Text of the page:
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Where's the summer pause button?
Are your days sauntering and racing by at the same time?
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I’m writing to you from my back patio while sipping my second cup of coffee. (Happiness is when Rael leaves me a full second cup of coffee in the pot.) It’s all raggedy abundance around here. Weeds are going to seed in the garden and the birds like them as much as I like not worrying about them.
From July to September in Portland you believe in your cells that the sun will shine forever. I’m basking in denial, but I’m also aware that the days are slipping by. Does summer have a pause button?
The creeping desperation reminds me of the summers after my kids’ high school graduations. I tried to play it cool and give them space and relish the excitement of what was ahead, but I also wanted to clutch their legs and never let go. My brain screamed YOU ARE READY FOR THIS! SO AM I! 💃🏽 Also, DON’T GOOOOOOOOOOO 😩
Here’s(who I seem to quote constantly) in What I Will Be Without Her:
For the past 18 years I was highly conscious of not “losing myself” in my children, whatever that means. But what about all the ways we’ve found ourselves in them? Can we talk about that?
I’m not crying! I’ve got something in my eye!
ANYWAY. If you’re in the middle of a carefree summer, ignore me and my bittersweet nostalgia! Stop reading this and pour another glass of lemonade! Throw on your tank top and let those shoulders feel the sun! Unless you’re being blasted by heat wave in which case sip your lemonade in a lovely, air-conditioned room! Put on a sweater, for God sakes, it’s freezing in there!
But it’s okay if you feel a secret twinge of don’t-let-summer-end greediness, too.
My daughter’s home for the summer
Mirabai’s home and recovering from a grueling sophomore year, mental health-wise. I’m relieved she’s under our roof for a while because even with her cooperation and college health insurance, it’s been tough to support her long-distance.
Once they’re out of the house, it’s so damn hard to know when to let them manage the bureaucratic details vs. when (or if) to step in. Mirabai has had troubling symptoms since last Fall. I couldn’t figure out whether it was a turbulent-yet-normal storm of growth or a looming health crisis. I’m grateful Mirabai is so communicative, but I still couldn’t get the full picture via periodic late-night FaceTimes.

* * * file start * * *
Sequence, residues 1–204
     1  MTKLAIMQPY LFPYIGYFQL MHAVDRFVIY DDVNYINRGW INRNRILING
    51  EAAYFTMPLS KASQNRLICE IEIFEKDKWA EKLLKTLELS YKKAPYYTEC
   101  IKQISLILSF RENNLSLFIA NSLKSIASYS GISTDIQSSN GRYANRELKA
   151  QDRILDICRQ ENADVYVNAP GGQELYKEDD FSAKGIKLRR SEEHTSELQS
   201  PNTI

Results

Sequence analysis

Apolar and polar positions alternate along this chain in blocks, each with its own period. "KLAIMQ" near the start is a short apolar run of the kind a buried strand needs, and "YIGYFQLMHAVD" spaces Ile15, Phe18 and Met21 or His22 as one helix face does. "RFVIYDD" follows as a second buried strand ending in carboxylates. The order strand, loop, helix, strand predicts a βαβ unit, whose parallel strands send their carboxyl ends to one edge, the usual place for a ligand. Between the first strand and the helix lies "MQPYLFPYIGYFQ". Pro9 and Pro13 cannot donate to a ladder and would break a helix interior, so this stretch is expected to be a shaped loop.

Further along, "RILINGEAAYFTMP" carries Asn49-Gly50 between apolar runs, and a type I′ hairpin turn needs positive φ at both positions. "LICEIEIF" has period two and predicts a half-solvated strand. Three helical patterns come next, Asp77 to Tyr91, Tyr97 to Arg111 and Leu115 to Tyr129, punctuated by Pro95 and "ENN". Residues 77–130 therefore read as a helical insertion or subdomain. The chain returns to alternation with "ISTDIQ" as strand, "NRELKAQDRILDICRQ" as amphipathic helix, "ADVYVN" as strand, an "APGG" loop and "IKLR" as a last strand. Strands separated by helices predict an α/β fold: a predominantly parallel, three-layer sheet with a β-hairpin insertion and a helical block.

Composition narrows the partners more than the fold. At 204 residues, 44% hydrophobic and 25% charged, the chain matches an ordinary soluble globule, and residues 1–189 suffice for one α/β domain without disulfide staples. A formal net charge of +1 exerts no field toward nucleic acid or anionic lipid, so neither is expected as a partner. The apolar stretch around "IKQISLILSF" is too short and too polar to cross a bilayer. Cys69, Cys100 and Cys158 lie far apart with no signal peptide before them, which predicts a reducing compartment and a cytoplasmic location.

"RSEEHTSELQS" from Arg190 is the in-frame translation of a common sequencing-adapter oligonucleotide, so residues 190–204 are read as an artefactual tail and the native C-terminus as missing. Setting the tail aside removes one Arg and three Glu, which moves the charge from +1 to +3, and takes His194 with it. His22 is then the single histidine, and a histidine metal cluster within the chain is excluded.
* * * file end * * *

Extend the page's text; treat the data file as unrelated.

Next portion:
After much lost sleep and gut-checking and discussion with Rael, plus visits to her apartment from each of us — and with her permission — we got involved. Rael and she spoke more frequently and I called the college advice nurse to break through the red tape of setting up mental health appointments. Mirabai was able to take it from there.
By some miracle we’ve also managed to find her a good counselor in Portland for the summer, but that was a lucky break and only possible because we are able to pay out of pocket. (I’ll spare you a rant about accessibility to mental health care in America.)
It’ll take time for Mirabai to be Okay with a capital O. I’m worried, but a deep part of me is also sure she’ll get there. More than get there…I suspect she’s Leveling Up.
It’s not all hard work, there’s fun and reconnection happening too. Epic neighborhood walks, dinner with Mirabai’s old preschool teacher (now a dear friend) and a Lord of the Rings marathon, Extended DVDs OF COURSE, THERE ARE NO OTHER DVDs. Mirabai’s new sweetheart is here for a visit, which is a total delight.
This is her second summer at home, and the energy is so different this time. Last summer I made assumptions about College Mirabai based on High School During Lockdown Mirabai. Yeahhhhh that didn’t go well. This summer I’m in closer touch with her heart even though I don’t fully understand what’s happening in her head. There’s healthy space between us.called it “decoupling” and that feels right.
Rael and I are also better behaved in our fuller house. Last summer we were deep in empty nest adolescence and having a kid back home chafed a bit (the irony that we, not the college kid, were the more petulant ones). So far this summer, aside from annoyance about dishes again piling in the sink, it’s pretty relaxed. My heart explodes a little when I walk into the dining room and see my daughter hunched over a bowl of cereal and her phone. The only thing that could turn it up a notch would be if Sam were sitting there hunched over his cereal, too.